Another key benefit is that by using miniature, surface-mount devices, lightweight, hand or field portable, low-power units can also be built. This makes them ideal for military field hospitals or remote medical centers and for special military operations where lightly-equipped troops are deployed in risk areas where high mobility and optimal physical condition are essential. In the US, the Naval Special Warfare Group (SEALS) have been trialing a unit combining 670, 720 and 880 nm LEDs for musculoskeletal injuries sustained in training.
The depth that the light needs to penetrate depends on whether the product is tackling surface tissue wounds or deep muscle treatment, which will also be significant factors in the choice of LEDs in terms of wavelength, energy, and power. Brightness, as measured by some LED manufacturers in mcd, is not considered to be relevant in this type of application. Light intensity measured in mW/cm² is a more appropriate parameter.
Design considerations when selecting LEDs
Various research projects promote the benefits of different wavelengths for the treatment of certain conditions. It is generally agreed that wavelengths between 625 and 900 nm are the most effective for wound healing and allied conditions. At the lower end, 630 nm and 660 nm appear to be favored. At longer wavelengths, 850 nm and 880 nm are the most popular. Work at the 730 nm to 760 nm and 900 to 940 nm levels has also proved useful, but higher cost and less availability of appropriate LEDs are issues here.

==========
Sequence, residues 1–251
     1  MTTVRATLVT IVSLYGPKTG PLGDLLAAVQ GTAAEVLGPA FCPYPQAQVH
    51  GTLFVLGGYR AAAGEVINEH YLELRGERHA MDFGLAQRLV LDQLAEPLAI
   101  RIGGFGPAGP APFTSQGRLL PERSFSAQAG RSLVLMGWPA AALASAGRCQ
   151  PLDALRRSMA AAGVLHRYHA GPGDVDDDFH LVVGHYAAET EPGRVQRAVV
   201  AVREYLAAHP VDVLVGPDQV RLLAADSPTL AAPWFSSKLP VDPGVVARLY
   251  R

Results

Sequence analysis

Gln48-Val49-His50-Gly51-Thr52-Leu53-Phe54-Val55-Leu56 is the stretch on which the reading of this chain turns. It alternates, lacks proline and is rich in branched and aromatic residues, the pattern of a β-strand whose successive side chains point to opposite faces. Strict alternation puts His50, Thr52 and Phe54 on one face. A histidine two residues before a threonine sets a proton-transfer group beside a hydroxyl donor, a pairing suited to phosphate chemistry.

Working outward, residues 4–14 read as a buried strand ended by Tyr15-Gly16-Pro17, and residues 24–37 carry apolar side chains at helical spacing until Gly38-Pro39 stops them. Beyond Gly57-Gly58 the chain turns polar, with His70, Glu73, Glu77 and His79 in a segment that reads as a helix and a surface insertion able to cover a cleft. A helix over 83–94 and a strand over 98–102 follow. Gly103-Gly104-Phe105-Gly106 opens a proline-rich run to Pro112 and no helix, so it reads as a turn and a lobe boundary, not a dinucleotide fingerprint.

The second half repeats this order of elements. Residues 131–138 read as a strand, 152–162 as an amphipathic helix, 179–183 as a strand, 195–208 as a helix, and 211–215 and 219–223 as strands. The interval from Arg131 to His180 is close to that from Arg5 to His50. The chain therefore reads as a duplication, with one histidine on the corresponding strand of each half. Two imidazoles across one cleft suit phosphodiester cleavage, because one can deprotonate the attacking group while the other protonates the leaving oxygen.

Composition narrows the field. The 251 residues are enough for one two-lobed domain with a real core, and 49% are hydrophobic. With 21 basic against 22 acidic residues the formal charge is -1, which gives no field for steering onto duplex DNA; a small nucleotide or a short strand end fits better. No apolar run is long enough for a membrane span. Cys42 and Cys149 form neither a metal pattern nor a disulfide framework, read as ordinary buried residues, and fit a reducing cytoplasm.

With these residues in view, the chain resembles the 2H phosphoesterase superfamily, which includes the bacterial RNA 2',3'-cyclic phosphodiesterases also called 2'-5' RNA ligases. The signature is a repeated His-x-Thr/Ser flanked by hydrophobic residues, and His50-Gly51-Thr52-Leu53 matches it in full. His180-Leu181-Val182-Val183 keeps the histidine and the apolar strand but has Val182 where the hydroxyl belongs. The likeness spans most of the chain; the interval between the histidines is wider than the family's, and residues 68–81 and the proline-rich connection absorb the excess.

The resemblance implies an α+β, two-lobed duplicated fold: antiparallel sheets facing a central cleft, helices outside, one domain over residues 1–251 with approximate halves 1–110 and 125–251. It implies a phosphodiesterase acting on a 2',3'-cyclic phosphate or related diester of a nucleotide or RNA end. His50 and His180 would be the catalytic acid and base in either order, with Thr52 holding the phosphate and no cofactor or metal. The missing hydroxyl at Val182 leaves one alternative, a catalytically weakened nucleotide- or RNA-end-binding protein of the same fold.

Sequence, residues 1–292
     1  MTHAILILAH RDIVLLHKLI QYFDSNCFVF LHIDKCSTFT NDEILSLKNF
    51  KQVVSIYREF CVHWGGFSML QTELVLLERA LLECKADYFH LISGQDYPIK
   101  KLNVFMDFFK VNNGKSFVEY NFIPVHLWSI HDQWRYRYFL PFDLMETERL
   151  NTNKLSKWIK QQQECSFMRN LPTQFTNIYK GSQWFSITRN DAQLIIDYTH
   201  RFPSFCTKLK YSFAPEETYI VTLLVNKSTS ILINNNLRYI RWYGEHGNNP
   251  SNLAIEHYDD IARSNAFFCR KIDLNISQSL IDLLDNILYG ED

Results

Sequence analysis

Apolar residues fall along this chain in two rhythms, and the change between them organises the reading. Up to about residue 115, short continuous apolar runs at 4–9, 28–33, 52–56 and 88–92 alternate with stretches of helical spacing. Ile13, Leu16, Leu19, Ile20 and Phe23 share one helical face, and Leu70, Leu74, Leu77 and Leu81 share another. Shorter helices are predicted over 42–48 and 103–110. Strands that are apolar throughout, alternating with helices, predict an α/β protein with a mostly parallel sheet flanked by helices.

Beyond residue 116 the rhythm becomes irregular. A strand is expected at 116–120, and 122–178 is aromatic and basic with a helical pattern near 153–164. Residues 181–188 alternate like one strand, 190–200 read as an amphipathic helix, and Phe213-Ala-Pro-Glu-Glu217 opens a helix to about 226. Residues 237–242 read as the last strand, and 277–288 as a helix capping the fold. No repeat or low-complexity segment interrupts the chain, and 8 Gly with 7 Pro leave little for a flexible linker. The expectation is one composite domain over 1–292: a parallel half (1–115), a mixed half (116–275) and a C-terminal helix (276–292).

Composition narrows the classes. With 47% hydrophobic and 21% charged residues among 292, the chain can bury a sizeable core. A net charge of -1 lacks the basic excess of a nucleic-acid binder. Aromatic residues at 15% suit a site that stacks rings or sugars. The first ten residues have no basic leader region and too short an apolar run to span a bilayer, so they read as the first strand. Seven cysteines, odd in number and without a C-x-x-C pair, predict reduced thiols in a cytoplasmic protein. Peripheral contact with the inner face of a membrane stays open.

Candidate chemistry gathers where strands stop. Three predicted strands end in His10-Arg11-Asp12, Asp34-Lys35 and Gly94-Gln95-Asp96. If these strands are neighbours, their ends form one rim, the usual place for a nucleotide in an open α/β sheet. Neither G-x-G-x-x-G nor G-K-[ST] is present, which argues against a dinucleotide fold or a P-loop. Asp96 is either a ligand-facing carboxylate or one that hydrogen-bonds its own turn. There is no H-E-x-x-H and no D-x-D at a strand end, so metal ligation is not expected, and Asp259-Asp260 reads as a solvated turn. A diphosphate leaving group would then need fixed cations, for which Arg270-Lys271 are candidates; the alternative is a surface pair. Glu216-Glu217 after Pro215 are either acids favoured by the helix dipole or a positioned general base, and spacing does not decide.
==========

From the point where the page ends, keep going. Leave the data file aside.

Near-infrared wavelengths (typically 850 nm or 880 nm) have been reported as penetrating deeper through skin and bone, but for open wounds, 630 and 660 nm devices have been shown to be just as beneficial in accelerating healing. Skin depth varies around the body, and transmission can also be affected by skin color. Panels incorporating a mix of wavelengths continue to be used in experiments to gather data on the healing of various wound types, locations, and tissue content that the light has to penetrate.
Research has indicated that for some conditions, treatment doses of 4 to 6 Joules/cm² are optimum. About 6 J/cm² equates to applying LED devices with strength of 30 mW/cm² for a duration of 200 seconds. More powerful devices may mean that treatment times can be shortened. Other research has shown that applying more powerful devices for longer can result in deeper penetration of the healing light.
Designers of high intensity, high energy panels of densely packed LEDs may need to consider cooling requirements. For example, an array of twenty 850 nm LEDs in 5 mm packages, packed into a minimal 25 mm² space, each using 50 mA continuously, will overheat. As a rule of thumb, designers consider that 50 mW LEDs should be spaced at approximately 1.65 devices/cm². More powerful devices, at 100 mW would need to be spaced further apart. Some would consider that more than 25 mW/cm² using 830 nm or 850 nm chips might require a cooling fan. FDA requirements specify that 0.8 W per square inch is the maximum energy that can be applied to a device that touches the skin.
Another aspect of heat concerns safety. Experiments have shown that pale skin can barely feel any warmth from the application of a 30 mW/cm² LED in the 600 to 900 nm range after several seconds. Yet, 150 mW/cm² applied for 1 to 2 minutes to a darker skin tone may result in too much heat at the skin’s surface, as melanin can block more light from penetrating. Even 50 mW/cm² could cause 2nd degree burns if a lamp were used for a prolonged period of time in an environment where the heat cannot escape (i.e. wrapped tightly on the skin).